UBC Theses and Dissertations
The use of remote sensing to characterize forest structure and improve the modeling of snow processes in extensively disturbed watersheds Varhola, Andrés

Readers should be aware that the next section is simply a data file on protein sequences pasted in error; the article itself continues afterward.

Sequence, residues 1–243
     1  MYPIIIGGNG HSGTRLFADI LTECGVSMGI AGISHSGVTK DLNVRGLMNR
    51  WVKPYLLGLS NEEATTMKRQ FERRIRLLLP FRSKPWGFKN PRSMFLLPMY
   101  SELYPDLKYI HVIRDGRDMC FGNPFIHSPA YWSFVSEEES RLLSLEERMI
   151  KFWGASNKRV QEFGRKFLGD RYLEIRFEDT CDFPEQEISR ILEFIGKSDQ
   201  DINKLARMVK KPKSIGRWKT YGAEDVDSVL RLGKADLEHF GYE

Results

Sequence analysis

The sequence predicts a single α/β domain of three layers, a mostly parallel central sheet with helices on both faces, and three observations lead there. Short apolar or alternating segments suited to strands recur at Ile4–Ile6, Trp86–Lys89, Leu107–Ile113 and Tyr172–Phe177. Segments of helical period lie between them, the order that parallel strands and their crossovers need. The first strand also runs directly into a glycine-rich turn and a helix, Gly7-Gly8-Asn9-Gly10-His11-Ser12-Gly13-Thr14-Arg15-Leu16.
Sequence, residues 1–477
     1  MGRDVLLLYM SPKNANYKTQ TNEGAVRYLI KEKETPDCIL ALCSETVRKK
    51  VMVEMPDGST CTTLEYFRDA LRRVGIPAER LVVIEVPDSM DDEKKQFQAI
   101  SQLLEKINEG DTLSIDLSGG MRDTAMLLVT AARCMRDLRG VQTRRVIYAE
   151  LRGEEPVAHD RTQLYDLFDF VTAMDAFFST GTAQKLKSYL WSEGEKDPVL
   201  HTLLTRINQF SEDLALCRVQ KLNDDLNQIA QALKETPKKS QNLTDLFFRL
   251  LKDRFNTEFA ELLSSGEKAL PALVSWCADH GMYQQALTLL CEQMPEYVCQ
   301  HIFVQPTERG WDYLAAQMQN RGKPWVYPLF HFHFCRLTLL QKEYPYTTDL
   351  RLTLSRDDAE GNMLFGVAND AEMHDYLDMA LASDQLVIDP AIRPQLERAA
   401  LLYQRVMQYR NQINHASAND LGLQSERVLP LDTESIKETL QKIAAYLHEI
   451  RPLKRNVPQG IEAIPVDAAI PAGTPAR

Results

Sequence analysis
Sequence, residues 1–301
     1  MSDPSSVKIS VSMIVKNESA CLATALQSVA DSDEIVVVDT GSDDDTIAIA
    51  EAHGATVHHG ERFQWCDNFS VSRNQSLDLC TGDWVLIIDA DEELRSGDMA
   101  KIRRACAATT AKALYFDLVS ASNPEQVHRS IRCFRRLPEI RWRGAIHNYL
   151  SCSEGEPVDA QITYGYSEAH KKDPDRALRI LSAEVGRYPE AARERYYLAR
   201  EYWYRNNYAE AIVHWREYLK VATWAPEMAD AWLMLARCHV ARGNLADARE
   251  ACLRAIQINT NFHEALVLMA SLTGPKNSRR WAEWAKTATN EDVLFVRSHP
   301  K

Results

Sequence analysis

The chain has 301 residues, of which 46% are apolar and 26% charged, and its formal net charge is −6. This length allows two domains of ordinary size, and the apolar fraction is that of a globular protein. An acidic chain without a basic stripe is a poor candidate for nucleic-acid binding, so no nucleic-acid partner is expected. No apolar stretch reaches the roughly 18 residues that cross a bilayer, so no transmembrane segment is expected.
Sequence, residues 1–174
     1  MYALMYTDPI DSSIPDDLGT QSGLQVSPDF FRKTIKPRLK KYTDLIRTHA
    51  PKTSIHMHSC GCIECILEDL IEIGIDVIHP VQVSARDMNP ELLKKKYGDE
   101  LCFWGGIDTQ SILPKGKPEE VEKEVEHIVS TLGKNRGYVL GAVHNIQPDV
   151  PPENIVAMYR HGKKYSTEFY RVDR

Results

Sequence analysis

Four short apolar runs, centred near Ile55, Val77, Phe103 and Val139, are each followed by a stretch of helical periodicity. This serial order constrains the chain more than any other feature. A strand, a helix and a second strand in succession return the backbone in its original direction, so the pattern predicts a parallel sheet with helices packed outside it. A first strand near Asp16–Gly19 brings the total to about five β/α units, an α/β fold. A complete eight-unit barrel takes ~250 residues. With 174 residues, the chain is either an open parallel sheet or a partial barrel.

The lodgepole pine (Pinus contorta) forests of British Columbia have been recently affected by mountain pine beetle (MPB) (Dendroctonus ponderosae), constituting one of the most destructive insect outbreaks in North America. In such a snow-dominated environment, a receding forest cover is associated with increases in snow accumulation during winter, enhancements of snowmelt rates and suppression of spring transpiration. These changes can elevate flooding risk and thus threaten society. However, the unprecedented extent of the disturbance and particular nature of the beetles’ severe but gradual effect on the forests’ integrity have challenged scientists aiming to quantify the real ecological impacts. Even though hydrologic models remain as the only tool currently available to evaluate the effects of MPB on hydrologic dynamics, they are impaired in their present form for relying on coarse and oversimplified characterizations of forest structure. Remote sensing technologies such as Airborne Laser Scanning (ALS), which provides detailed three-dimensional representations of canopy structure, offer a remarkable alternative to fill this knowledge gap. The main objective of this thesis is to determine how hydrologic modeling can be improved by remote sensing through a better characterization of forest structure. Given the variety and complexity of hydrologic models, the same research question is applied independently to the simplest forms of plot-level univariate empirical models and complex physically-based simulators operating at the watershed level. It was found that remotely-sensed forest metrics are better predictors of snow accumulation and ablation at the plot level than traditional ground-based variables, and that the accurate estimation of maximum snow accumulation and snow ablation with ultrasonic range devices significantly increases the quality of simple empirical models. It was also shown that a novel method, which minimizes the geometrical differences between ALS and traditional ground instruments’ data, was fundamental to obtain accurate plot-level estimates of forest structure metrics identified as primary drivers of snow processes. Wall-to-wall watershed-level coverage of hydrologically-relevant forest variables was successfully achieved by integrating ALS and Landsat metrics. The methods developed will result in better inputs for hydrologic models with the potential to improve the quality of snow process and streamflow predictions.
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